DICKENS, Charles. A Christmas Carol. In Prose. Being a Ghost Story of Christmas. London: Printed and Published for the Author by Bradbury and Evans, 1846.
8o (165 x 102 mm). 2-page publisher's advertisements at end. Hand-colored etched frontispiece and three plates by John Leech, four wood-engravings in the text by W.J. Linton after Leech (lightly browned, one or two minute spots). Half-title printed in blue, title-page printed in red and blue, verso printed in blue. (Lightly browned, some offsetting of plates onto text.) Original red fine-ribbed cloth, covers with decorative blind border surrounding central gilt cartouche and lettering (top seraph of "D" of Dickens lacking) on upper, spine gilt, all edges gilt, cream endpapers (extremities just touched, one or two minute blemishes); quarter green morocco gilt slipcase. Provenance: Josef Valckenberg, wine-merchant (presentation inscription from the author); Wilhelm Valckenberg (inscription dated April 1864); Comte Alain de Suzannet (bookplates; his sale Sotheby's London, 22 November 1971, lot 80); Kenyon Starling (bookplate).
"ALL I HAVE TO SAY ON THE SUBJECT OF THE LIEBFRAUMILCH, IS, THAT IF IT SHOULD COME HERE, I WILL DRINK IN IT, THE HEALTH OF EVERYBODY, GREAT AND SMALL, IN THAT LARGE FAMILY-HOUSE AT WORMS" (Dickens, Letter to Valckenberg, 25 June, 1846)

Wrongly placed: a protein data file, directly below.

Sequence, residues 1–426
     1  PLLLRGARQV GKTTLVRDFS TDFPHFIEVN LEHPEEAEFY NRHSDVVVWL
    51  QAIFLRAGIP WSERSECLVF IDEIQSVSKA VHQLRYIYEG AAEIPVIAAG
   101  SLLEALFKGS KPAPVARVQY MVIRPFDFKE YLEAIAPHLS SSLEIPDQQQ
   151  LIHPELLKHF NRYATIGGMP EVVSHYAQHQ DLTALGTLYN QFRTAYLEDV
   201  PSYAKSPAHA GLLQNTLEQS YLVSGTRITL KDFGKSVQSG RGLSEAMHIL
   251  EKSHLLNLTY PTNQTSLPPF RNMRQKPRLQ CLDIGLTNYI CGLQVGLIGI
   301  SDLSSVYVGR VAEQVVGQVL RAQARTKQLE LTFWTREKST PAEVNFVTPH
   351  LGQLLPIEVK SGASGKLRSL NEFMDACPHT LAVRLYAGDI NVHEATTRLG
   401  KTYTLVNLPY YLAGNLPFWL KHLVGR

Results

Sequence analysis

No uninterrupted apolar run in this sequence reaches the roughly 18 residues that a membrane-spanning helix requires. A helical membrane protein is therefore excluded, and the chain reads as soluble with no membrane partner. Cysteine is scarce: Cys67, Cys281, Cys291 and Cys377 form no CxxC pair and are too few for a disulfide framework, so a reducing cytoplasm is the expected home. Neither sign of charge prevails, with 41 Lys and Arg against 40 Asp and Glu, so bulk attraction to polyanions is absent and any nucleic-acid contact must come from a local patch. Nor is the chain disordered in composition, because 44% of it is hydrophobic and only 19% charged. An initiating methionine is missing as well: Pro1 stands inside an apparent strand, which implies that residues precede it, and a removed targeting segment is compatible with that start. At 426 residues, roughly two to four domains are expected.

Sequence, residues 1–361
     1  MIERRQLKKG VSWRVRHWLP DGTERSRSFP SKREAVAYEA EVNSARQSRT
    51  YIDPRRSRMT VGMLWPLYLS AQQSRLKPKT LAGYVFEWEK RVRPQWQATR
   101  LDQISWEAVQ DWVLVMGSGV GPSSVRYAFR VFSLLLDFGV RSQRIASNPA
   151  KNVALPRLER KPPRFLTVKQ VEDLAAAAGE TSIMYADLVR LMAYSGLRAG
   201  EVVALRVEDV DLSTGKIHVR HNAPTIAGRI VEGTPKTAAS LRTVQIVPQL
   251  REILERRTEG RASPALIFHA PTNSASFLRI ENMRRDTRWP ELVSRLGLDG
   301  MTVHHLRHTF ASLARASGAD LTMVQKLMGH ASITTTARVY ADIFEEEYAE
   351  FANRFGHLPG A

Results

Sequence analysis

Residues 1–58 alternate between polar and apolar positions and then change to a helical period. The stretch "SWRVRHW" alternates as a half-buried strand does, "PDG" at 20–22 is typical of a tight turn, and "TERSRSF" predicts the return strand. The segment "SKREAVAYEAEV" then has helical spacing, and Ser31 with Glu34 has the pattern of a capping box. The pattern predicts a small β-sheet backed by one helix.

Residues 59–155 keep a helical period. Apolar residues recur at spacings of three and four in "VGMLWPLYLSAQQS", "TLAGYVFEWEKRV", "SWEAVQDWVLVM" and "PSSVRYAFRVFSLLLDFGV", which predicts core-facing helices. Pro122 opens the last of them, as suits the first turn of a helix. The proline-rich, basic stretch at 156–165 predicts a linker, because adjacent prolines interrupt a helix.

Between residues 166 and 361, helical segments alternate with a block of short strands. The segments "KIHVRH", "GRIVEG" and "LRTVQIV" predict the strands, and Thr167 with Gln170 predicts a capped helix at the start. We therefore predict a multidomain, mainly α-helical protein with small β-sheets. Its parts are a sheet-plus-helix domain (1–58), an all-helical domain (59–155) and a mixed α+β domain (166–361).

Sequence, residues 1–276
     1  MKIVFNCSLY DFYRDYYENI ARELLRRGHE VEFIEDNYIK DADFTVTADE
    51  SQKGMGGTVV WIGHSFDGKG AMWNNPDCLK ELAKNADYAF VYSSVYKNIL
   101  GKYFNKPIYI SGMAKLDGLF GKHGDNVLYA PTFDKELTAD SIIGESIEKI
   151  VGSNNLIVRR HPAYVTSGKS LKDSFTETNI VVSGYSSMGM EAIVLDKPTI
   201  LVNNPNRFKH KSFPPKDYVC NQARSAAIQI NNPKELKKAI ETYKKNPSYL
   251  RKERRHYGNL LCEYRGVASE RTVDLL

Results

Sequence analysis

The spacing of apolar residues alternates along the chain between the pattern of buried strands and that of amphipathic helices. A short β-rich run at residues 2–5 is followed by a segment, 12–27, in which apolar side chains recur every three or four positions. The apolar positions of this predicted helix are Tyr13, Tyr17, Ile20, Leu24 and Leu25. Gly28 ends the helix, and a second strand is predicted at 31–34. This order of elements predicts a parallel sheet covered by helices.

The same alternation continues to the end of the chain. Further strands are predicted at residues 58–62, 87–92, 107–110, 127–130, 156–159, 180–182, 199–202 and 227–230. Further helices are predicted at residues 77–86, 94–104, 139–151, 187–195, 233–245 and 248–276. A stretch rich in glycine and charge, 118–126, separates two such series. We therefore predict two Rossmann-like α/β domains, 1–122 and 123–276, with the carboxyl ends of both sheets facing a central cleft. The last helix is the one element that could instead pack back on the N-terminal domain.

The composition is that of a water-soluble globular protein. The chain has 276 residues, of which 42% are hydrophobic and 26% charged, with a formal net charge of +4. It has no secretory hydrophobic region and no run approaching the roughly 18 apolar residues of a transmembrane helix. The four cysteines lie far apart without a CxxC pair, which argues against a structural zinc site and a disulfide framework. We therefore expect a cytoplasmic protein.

"Eleventh edition", first Bradbury and Evans issue. PRESENTATION COPY inscribed by Dickens to Joseph Valckenberg on the half-title: "Joseph Valckenberg from his friend Charles Dickens Twenty First January 1847". The House of Valckenberg was established in Worms in 1786 and exported wines throughout Europe during the 19th-century; supplying amongst others the Swedish Royal family, the Duke of Norfolk, and Dickens after a fortuitous meeting between the Valckenberg and Dickens families aboard a steamboat traveling down the Rhine in 1846: "The sunny Rhine journey by river steamboat was picturesque but uneventful. At Mainz there came aboard a German wine merchant, one Josef Valckenberg, a native of Worms, who spoke to Kate. 'Your countryman Mr. Dickens is traveling this way just now, your papers say. Do you know him, or have you passed him anywhere?' Introductions took place, and Dickens apologized for his ignorance of German. 'Oh dear! That needn't trouble you,' Herr Valckenberg replied; even in so small a town as Worms there were at least forty who spoke English and many more who read Dickens's works in the original" (Johnson).
RARE. Having quarreled with Chapman and Hall over dwindling financial returns Dickens had Bradbury and Evans publish separate issues of the "Eleventh" and "Twelfth" editions (so described on their respective title-pages, but more accurately later impressions of the first edition) with their imprint. Johnson Charles Dickens. His Tragedy and Triumph; Yale/Gimbel A79 (p. 82). A FINE AND BRIGHT COPY.